Corel’s interim CEO Derek Burney has admitted that returning the company to profitability is just one of numerous "major challenges" he faces.
Burney took up his position after Tuesday’s shock resignation of Corel founder Michael Cowpland. Burney is formerly the company's chief technology officer and executive vice president of engineering, and has been with Corel since 1993.
He is tasked with turning around $23.6 million losses in the second quarter of this year.
Burney also threw light on Cowpland’s departure: "Cowpland mentioned his resignation to the board three months ago. It was his decision. In a large part, the timing of his announcement was to springboard our Linux announcements as he moves to help Linux start-ups."
Corel is planning major launches over the rest of the year, including CorelDraw in November. Analysts believe that, for Corel to again become profitable, it has to spin-off its products.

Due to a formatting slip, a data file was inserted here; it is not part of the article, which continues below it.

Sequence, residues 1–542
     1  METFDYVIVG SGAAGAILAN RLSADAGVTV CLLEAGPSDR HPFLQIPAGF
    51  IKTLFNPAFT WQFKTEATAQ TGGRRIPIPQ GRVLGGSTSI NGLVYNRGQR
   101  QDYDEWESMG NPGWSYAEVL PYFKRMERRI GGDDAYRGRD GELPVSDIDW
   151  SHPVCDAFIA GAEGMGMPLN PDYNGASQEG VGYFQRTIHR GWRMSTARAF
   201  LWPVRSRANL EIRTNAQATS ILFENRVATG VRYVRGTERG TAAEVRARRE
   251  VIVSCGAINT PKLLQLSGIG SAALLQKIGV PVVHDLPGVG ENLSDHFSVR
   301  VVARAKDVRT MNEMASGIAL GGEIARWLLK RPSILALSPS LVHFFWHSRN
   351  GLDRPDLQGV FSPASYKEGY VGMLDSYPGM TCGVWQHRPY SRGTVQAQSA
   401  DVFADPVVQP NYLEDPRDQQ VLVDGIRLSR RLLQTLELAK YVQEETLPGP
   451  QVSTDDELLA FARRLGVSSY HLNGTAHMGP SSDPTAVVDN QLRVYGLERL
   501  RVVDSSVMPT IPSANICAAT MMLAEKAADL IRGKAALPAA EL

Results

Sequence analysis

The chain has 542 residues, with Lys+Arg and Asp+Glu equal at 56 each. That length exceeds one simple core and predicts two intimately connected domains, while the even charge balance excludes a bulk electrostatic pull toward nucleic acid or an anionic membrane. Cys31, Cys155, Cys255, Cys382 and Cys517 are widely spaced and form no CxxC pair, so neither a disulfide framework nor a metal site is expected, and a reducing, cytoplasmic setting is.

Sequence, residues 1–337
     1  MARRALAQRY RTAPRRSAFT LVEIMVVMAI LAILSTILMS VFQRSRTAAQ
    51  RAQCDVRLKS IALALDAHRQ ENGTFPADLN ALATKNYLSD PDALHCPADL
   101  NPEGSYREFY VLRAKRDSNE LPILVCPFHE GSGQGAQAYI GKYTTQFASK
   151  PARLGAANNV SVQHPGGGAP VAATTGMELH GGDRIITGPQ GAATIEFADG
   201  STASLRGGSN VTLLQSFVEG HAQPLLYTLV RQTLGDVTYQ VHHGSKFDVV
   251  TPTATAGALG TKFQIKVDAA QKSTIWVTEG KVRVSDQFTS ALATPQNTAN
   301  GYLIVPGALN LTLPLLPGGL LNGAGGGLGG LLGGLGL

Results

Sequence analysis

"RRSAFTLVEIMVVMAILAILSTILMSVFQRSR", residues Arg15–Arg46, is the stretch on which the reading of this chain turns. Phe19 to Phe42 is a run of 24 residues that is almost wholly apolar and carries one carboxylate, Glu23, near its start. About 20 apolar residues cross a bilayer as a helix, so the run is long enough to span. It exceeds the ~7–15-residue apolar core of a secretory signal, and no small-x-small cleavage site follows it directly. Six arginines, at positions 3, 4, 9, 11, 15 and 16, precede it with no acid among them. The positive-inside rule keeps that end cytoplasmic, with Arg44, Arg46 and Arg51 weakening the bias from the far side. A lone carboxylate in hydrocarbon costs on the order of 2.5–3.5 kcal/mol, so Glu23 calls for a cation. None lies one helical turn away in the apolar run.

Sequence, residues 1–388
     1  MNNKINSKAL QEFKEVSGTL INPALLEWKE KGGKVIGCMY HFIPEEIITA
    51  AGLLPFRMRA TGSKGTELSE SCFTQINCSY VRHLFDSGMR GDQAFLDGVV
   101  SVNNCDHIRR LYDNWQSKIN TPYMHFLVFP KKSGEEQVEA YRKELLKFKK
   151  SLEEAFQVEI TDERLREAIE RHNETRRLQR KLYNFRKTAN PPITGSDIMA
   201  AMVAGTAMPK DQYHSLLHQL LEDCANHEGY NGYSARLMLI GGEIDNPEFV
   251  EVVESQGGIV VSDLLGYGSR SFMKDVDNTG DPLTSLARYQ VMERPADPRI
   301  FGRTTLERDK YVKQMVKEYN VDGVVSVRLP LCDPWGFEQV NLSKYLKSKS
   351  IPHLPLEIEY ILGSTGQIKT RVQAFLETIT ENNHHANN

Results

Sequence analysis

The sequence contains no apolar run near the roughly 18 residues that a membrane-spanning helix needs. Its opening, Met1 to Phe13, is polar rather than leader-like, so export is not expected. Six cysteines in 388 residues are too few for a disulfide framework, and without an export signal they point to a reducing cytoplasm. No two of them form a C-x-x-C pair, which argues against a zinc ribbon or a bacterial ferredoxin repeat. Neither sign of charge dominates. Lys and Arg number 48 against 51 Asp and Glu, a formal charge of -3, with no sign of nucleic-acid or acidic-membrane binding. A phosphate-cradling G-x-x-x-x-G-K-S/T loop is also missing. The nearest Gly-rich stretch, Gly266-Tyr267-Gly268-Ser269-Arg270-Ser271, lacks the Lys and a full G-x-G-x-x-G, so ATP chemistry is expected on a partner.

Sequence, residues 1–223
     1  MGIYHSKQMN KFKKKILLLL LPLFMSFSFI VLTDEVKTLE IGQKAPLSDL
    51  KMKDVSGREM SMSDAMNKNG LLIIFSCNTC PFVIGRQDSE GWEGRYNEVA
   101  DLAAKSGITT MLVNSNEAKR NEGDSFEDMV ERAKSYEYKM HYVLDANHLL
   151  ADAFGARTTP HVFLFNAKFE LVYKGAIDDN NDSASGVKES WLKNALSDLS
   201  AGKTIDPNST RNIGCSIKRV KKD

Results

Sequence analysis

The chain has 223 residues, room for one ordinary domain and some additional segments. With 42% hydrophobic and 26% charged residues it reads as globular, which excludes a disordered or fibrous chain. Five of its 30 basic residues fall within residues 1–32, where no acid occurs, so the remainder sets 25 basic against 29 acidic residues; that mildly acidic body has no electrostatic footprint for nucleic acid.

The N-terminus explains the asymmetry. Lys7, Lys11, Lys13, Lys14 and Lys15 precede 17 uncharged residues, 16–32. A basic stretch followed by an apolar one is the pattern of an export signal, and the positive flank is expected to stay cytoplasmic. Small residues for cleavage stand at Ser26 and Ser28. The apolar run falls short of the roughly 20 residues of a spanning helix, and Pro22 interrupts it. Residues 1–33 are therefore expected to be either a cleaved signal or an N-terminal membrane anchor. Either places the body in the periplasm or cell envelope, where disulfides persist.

"As I speak, we're working on our operating budget to get our costs in line with our expected revenue. It's certainly worth considering spin-offs. We won't reject anything, but it's way too premature to comment on," said Burney.
Corel purchased several key graphics applications from MetaCreations earlier this year. These included MetaCreation’s Painter, Kai’s Power Tools, Bryce and KPT Vector Effects packages. The KPT series is a set of top-selling plug-ins for Adobe Photoshop and Illustrator, and Bryce is a 3D landscape creation and animation program. MetaCreations divested itself of its graphics applications in order to concentrate on its MetaStream technology. Corel continues to claim that the future of these Mac-graphics applications is safe in its hands.
Last month, Dale Fuller, interim president and CEO of Inprise/Borland said that, strategically, a merger with Corel was still a "sound idea".
Burney agrees: "The door is not permanently closed on any strategic investment. We continue talking with Inprise/Borland. We’re good partners with each other."
Corel’s planned merger with Inprise/Borland failed earlier this year, partially due rumours that Corel was close to bankruptcy.